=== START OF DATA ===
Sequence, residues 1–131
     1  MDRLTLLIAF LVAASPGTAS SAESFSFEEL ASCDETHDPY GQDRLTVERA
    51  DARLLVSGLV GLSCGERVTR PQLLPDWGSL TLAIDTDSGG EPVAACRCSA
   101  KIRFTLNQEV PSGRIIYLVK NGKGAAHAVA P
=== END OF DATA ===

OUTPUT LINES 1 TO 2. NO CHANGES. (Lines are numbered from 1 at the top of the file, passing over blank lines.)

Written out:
Sequence, residues 1–131
     1  MDRLTLLIAF LVAASPGTAS SAESFSFEEL ASCDETHDPY GQDRLTVERA